I'm Ira Flatow. This is TALK OF THE NATION: SCIENCE FRIDAY from NPR News.

(Soundbite of music)

FLATOW: You're listening to TALK OF THE NATION: SCIENCE FRIDAY. I'm Ira Flatow. We're talking this hour about the mysterious case of vanishing honey bees all over the country. In 20 - a couple dozen states bees are just disappearing from their nests - from their hives - and not coming back.

And May Berenbaum is head of the entomology department, University of Illinois at Urbana-Champaign. Daniel Weaver is a beekeeper and president of the American Beekeeping Federation.

And when I rudely interrupted Dr. Berenbaum she was telling us about how the whole agriculture of the U.S. basically depends on bees virtually.

Dr. BERENBAUM: So that's basically, yeah. There are many connections. And I mean there are many other pollinating species. But the advantage of the honey bee is - first of all, it's manageable. It can be transported, as Danny was explaining.

There are - we have a couple of thousand years of history working with this animal. There are large colonies of 30,000 workers or so. So they can work a large area of crop. And they're also phenomenally versatile compared to other pollinating species.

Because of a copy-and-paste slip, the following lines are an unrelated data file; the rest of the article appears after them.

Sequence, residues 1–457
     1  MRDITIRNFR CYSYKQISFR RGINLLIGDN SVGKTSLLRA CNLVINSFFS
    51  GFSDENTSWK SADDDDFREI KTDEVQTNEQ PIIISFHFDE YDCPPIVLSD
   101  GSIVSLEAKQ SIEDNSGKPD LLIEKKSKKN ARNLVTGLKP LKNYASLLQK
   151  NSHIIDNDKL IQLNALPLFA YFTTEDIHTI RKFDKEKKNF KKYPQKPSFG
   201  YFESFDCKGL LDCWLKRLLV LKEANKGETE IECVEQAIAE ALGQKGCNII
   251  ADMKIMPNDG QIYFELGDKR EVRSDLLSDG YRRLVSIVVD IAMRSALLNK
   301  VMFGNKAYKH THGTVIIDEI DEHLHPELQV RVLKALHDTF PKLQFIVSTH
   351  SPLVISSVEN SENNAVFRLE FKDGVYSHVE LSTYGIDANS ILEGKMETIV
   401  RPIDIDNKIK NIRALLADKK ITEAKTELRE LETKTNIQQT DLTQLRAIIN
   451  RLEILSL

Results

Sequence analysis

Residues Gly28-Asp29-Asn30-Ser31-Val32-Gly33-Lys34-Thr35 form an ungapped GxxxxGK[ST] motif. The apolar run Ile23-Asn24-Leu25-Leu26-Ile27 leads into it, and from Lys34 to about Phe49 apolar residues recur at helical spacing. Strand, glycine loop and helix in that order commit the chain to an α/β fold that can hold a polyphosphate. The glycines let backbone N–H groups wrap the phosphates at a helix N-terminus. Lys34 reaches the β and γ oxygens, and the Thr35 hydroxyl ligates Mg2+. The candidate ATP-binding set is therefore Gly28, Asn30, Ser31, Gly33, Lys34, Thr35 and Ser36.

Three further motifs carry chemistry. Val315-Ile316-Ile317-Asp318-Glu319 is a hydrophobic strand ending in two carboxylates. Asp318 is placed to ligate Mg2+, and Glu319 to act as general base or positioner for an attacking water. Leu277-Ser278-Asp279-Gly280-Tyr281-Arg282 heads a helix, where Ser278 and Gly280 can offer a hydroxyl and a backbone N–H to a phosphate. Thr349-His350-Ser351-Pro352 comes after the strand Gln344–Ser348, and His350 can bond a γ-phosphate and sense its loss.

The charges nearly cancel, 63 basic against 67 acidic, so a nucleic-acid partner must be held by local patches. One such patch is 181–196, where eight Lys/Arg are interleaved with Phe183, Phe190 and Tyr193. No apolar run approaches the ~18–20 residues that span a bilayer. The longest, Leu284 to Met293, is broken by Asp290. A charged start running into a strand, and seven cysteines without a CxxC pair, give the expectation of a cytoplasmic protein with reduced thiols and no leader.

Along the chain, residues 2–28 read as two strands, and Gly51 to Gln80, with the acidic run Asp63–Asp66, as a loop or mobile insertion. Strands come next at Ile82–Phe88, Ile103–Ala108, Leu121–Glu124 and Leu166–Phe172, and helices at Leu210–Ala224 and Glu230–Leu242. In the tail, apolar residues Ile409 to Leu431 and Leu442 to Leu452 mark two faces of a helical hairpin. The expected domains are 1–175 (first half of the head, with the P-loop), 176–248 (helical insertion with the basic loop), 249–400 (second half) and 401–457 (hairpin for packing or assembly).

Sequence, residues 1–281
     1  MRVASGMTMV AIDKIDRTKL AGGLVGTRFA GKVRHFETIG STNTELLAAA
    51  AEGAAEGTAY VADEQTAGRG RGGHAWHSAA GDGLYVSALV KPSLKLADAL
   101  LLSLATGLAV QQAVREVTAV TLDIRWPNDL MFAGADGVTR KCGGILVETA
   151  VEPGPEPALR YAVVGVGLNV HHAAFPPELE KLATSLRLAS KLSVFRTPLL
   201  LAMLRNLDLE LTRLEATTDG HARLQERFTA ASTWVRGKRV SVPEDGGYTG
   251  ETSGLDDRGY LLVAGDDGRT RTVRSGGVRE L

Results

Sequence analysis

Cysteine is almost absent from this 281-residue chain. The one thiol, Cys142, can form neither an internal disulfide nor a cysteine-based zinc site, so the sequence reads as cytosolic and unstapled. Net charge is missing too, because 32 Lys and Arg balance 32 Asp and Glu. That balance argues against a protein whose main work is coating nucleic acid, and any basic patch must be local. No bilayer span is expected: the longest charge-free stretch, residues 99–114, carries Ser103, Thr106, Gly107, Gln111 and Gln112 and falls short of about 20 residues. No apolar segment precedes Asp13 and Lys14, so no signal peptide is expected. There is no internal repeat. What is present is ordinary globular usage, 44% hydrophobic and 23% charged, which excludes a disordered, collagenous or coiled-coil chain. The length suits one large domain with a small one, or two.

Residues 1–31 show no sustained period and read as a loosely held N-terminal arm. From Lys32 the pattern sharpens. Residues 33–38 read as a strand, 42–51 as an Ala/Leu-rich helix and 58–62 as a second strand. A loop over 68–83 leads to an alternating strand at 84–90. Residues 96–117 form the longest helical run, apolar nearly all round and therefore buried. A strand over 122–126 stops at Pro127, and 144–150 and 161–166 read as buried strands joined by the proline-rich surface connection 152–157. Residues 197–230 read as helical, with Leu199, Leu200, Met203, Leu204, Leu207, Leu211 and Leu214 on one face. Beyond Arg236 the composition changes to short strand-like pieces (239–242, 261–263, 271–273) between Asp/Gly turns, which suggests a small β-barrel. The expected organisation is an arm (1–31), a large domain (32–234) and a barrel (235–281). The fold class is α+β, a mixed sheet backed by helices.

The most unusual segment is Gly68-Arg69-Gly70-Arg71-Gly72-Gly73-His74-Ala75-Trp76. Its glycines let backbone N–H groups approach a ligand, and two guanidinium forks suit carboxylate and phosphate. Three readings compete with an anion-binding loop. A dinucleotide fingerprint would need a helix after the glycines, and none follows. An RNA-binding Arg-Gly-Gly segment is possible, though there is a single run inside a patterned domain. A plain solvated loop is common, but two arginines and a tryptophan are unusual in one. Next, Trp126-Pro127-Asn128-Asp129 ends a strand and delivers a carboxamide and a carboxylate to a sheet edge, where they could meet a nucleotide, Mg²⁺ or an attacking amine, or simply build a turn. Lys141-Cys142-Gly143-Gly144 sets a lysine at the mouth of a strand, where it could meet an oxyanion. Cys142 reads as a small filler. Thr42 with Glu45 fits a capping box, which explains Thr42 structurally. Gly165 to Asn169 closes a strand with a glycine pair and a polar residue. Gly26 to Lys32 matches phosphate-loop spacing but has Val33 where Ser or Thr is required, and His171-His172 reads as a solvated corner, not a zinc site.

They can handle a tremendous diversity of different species. There are - there may be native bees that are better at certain crops. But it's - the honey bee's the Jack of all - or I guess the Jill of all trades, since the females are - the workers are the females - and can handle so many different tasks.

And they have this sophisticated language that allows them to recruit individuals to a particular abundant flower. This is not known in other species.

FLATOW: Hmm. Let's go to Paul in Shelby, Michigan. Hi, Paul.